The Science and Politics of Global Climate Change: A Guide to the Debate

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Cambridge University Press, 2009 - 190 pages
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The second edition of Dessler and Parson's acclaimed book provides an integrated treatment of the science, technology, economics, policy, and politics of climate change. Aimed at the educated non-specialist, and at courses in environmental policy or climate change, the book clearly lays out the scientific foundations of climate change, the issues in current policy debates, and the interactions between science and politics that make the climate change debate so contentious and confusing. This new edition is brought completely up to date to reflect the rapid movement of events related to climate change. In addition, all sections have been improved, in particular a more thorough primer on the basic science of climate change is included. The book also now integrates the discussion of contrarian claims with the discussion of current scientific knowledge; extends the discussion of cost and benefit estimates; and provides an improved glossary.
 

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Contents

III
1
IV
31
V
61
VI
112
VII
160
VIII
197
IX
205
X
208
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About the author (2009)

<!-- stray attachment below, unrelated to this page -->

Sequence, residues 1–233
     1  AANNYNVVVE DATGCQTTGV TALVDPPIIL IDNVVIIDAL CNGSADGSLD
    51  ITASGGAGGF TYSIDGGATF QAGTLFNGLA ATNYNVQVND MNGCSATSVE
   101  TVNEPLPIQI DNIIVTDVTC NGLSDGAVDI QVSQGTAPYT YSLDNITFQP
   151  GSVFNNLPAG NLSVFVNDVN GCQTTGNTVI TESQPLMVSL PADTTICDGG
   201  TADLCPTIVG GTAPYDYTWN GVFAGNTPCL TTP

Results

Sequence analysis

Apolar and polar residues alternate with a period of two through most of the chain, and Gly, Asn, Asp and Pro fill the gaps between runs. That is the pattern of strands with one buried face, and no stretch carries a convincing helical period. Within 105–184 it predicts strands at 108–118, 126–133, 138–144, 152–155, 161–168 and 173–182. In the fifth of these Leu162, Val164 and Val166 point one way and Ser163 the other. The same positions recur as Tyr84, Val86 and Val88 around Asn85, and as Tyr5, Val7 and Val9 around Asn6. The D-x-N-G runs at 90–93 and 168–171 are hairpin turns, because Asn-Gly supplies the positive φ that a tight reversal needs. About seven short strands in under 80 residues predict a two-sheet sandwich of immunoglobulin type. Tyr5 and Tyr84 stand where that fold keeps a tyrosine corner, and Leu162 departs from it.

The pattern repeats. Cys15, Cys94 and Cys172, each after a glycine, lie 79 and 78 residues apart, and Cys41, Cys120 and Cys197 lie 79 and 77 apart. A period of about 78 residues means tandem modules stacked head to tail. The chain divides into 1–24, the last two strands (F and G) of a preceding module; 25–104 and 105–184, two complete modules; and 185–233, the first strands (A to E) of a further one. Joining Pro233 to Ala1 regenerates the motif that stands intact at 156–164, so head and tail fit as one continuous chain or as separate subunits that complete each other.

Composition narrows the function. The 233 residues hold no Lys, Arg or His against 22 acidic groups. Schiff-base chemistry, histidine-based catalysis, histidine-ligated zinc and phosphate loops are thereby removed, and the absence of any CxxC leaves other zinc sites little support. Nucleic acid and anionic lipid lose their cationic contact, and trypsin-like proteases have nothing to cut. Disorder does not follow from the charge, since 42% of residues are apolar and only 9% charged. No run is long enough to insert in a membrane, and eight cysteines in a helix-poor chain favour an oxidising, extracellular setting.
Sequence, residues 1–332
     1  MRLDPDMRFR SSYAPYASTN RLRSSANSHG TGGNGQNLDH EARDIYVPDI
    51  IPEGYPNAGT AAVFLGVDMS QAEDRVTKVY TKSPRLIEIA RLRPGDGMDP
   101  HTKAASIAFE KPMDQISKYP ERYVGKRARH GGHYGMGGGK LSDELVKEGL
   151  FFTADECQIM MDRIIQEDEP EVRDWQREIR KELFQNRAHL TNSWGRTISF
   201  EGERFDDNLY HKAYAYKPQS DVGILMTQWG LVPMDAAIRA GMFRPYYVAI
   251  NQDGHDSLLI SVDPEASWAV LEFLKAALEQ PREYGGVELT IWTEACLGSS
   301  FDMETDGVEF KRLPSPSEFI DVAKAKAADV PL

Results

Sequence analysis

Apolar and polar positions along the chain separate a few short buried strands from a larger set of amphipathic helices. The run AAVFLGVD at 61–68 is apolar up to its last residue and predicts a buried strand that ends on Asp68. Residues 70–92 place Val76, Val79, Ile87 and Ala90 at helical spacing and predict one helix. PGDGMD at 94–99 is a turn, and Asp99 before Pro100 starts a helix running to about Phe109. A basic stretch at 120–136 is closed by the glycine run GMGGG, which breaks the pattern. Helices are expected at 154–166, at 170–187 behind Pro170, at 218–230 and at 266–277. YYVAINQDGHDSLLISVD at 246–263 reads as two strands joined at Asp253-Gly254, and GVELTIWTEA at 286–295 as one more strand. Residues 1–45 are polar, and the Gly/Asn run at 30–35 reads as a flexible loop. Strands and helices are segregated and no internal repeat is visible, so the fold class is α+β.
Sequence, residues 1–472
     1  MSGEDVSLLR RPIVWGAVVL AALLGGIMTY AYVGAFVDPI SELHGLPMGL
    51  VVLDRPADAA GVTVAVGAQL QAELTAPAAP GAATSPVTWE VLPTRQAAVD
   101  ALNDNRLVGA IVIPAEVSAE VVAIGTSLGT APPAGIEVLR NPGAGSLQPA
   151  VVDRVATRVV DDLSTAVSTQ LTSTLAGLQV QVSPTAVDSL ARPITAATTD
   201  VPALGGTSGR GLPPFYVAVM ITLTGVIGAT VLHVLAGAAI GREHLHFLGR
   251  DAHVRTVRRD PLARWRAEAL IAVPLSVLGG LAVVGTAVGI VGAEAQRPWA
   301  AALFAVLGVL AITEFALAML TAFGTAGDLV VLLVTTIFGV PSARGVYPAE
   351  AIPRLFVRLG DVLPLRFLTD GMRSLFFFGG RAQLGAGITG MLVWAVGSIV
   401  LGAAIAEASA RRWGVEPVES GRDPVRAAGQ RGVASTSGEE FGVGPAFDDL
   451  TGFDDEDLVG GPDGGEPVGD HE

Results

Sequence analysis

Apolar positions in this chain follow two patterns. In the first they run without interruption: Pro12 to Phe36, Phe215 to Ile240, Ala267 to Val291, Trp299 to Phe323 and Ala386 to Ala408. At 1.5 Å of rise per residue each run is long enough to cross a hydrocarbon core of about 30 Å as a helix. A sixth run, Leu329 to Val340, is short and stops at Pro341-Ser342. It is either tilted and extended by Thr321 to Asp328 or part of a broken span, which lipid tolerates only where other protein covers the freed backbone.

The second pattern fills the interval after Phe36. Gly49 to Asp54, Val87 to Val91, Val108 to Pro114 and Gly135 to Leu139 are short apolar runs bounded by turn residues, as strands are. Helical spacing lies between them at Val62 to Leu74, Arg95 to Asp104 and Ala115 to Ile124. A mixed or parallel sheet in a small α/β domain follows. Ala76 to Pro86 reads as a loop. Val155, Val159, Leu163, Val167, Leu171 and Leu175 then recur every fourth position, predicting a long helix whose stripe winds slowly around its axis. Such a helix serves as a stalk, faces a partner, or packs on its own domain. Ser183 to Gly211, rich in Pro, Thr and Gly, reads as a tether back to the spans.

Andrew Dessler is a professor in the Department of Atmospheric Sciences at Texas A&M University. He received his Ph.D. in chemistry from Harvard in 1994. He did postdoctoral work at NASA's Goddard Space Flight Center (1994–1996) and then spent nine years on the research faculty of the University of Maryland (1996–2005). In 2000, he worked as a Senior Policy Analyst in the White House Office of Science and Technology Policy, where he collaborated with Ted Parson. Dessler's academic publications include one other book: The Chemistry and Physics of Stratospheric Ozone (Academic Press, 2000). He has also published extensively in the scientific literature on stratospheric ozone depletion and the physics of climate.

Edward Parson is Joseph L. Sax Collegiate Professor of Law and Professor of Natural Resources and Environment at the University of Michigan. His research examines international environmental policy, the role of science and technology in public policy, and the political economy of regulation. Parson's book, Protecting the Ozone Layer: Science and Strategy (Oxford University Press, 2003), won the 2004 Harold and Margaret Sprout Award of the International Studies Association. His academic articles have been published in Science, Climatic Change, Issues in Science and Technology, the Journal of Economic Literature, and the Annual Review of Energy and the Environment. Parson has led and served on several senior advisory committees for the U.S. National Research Council and U.S. Global Change Research Program, and has worked and consulted for the International Institute for Applied Systems Analysis, the United Nations Environment Program, the Office of Technology Assessment of the U.S. Congress, the Privy Council Office of the Government of Canada, and the White House Office of Science and Technology Policy, where he collaborated with Andrew Dessler. In 2005, he was appointed to the National Advisory Board of the Union of Concerned Scientists. Parson spent twelve years on the faculty of Harvard's Kennedy School of Government. He holds degrees in Physics from the University of Toronto and in Management Science from the University of British Columbia, and a Ph.D. in Public Policy from Harvard.

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